Israel Displays Clarity and Resolve In Conflict
Israel is clearly not intimidated by Iran, as their statements backed by direct actions against Hizballah and their Iranian masters in southern Lebanon demonstrate without ambiguity. Yet, exuding confidence in the face of Israel’s bold determination, Iran’s president, Mahmoud Ahmadinejad, declared that it was time for the world to “wrap up Zionism before it is too late.” This is how Iran’s state-run Islamic Republic News Agency (IRNA) reports his message in the Iranian city of Maragheh on Wednesday, the day before Hizballah launched over 100 rockets into 20 Israeli cities, including the port city of Haifa. Shortly after, again through the bellicose Ahmadinejad, Iran warned Israel not to attack Syria. Reportedly in a telephone conversation with Syrian president Bashar Assad, the Iranian president declared, “If the Zionist regime commits another stupid move and attacks Syria, this will be considered like attacking the whole Islamic world and this regime will receive a very fierce response.”
It is unlikely that IDF tanks will kick up Syrian dust as a unilateral initiative. However when the Israeli armor rolls into southern Lebanon’s Bekaa Valley to dismantle the vast Hizballah stronghold, airstrikes against Syrian positions – primarily aircraft and air defense missile batteries within range – would be an absolute necessity for the Israeli Air Force to take ownership of the skies in order to execute the multitude of strikes against Hizballah camps and forces. Syrian and Iranian action to this seemingly inevitable necessity will surely dictate the scope and breadth of the conflict to come.
Earlier today, a clear message was sent to Hizballah leader Hassan Nassrallah that he is a clear target for Israeli liquidation. Israel’s interior minister, Roni Bar-On, said on Israeli radio, “Nasrallah decided his own fate. We will settle our accounts with him when the time comes.”
Qatar and those who supported their proposed UN statement condemning Israel offered some clarity while the United States’ veto of the measure appeared to do the same. Yet, President Bush followed the clear signal of support for Israel’s self-defense by muddying the waters with a promise to Lebanon to pressure Israel to stop their attacks. Further mixed signals were offered by the nations that abstained from the UN vote on Qatar’s initiative, including the UK.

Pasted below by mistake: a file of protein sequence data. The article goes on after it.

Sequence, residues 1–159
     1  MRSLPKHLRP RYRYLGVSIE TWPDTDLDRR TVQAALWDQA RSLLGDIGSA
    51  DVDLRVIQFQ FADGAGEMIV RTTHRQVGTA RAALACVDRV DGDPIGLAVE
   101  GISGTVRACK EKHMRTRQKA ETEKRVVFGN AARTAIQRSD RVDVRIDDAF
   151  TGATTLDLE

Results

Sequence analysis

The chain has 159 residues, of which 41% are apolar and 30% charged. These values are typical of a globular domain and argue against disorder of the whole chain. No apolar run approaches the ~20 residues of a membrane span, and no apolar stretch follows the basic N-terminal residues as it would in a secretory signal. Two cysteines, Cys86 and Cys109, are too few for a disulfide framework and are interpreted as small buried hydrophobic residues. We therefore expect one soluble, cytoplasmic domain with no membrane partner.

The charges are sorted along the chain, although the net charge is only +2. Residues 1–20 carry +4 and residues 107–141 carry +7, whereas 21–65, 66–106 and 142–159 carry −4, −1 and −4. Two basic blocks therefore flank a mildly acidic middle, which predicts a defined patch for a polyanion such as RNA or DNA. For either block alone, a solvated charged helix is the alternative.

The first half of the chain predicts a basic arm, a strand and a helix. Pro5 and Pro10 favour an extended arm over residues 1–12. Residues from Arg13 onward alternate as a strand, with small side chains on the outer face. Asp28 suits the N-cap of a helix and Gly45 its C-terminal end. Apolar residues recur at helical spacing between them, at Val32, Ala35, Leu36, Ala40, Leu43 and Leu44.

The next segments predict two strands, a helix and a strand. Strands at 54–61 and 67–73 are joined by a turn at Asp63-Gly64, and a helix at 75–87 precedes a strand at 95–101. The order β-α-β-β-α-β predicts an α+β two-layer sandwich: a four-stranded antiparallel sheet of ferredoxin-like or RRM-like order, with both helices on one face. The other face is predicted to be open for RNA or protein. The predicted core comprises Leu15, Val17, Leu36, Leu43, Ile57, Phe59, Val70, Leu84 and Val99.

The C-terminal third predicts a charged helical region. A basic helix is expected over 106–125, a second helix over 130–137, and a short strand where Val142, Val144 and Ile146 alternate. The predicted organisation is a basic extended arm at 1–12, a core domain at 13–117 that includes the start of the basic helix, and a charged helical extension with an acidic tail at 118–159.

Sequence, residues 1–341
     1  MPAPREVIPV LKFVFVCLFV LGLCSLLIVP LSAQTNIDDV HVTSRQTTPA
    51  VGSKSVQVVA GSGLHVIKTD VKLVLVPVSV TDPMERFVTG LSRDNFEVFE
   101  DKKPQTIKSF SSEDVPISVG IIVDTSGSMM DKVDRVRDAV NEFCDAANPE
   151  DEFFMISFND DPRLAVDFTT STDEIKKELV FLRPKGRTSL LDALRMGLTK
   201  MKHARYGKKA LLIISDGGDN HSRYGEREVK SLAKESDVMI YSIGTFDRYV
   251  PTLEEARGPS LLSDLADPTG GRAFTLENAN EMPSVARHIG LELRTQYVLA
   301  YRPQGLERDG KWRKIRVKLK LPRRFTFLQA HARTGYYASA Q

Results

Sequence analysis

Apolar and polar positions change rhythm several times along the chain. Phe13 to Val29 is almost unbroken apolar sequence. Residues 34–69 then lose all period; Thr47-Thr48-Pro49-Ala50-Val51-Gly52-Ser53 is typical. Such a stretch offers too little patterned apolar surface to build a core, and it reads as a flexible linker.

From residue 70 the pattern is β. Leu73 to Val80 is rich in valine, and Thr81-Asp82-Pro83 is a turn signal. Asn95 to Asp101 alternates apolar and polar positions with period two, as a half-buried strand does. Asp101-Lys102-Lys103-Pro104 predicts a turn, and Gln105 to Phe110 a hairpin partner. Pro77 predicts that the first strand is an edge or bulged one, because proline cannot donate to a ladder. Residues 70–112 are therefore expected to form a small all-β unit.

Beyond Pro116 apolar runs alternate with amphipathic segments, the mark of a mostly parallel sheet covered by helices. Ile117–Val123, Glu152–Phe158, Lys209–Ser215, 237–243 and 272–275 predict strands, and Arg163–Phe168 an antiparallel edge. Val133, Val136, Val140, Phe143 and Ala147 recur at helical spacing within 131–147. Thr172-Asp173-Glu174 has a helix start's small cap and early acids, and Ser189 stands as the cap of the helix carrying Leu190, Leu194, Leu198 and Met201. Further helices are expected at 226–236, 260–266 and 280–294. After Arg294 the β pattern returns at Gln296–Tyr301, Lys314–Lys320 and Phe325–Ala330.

The only instance of ambiguity among the principal actors (Israel, Hizballah, Syria and Iran) came in the form of the Hizballah denial of responsibility for the rocket attacks on Haifa. But clarity was quickly restored when Israel rejected the statement out of hand, maintaining a stance of no longer distinguishing between the various groups and their state sponsors. They are all allied with the same strategy, tactics and mission. They share arms, funds, intelligence and manpower.
Seemingly ending their participation in a cycle of diplomatic gamesmanship through statements and reactions and fruitless negotiations like those in Gaza over the release of Corporal Gilad Shalit, the Israelis have laid their cards face up on the table. Israel has resolved to say simply, “Enough.”
So while the rest of the world offers a mixed bag of signals for either side, among the actors directly involved, the open warfare offers a normally elusive clarity.
[NOTE: Since initial publishing, the subtitle of this post has been altered to more correctly read “Lebanon Says US to ‘Pressure Israel’” vice the original “President Bush Muddies Once-Clear Waters of Support.” As pointed out in a comment on this post, the word of any promise comes from Lebanese Prime Minister Siniora in his quote. Since the Fox News article was first read and linked, at least the headline has changed from the original “Bush Promises to Pressure Israel to Stop Attacks”. How much of the text has changed since original publication of this post is unclear. Nonetheless, there may have been accomodating discussion between the two, but rejecting the calls for cease-fire does not rise to ‘muddying the waters’.]